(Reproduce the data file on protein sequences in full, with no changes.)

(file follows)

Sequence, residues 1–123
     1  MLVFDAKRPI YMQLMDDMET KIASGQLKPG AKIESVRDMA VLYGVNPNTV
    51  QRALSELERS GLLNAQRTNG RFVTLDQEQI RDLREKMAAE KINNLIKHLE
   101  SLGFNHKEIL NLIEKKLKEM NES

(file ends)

Sequence, residues 1–123
     1  MLVFDAKRPI YMQLMDDMET KIASGQLKPG AKIESVRDMA VLYGVNPNTV
    51  QRALSELERS GLLNAQRTNG RFVTLDQEQI RDLREKMAAE KINNLIKHLE
   101  SLGFNHKEIL NLIEKKLKEM NES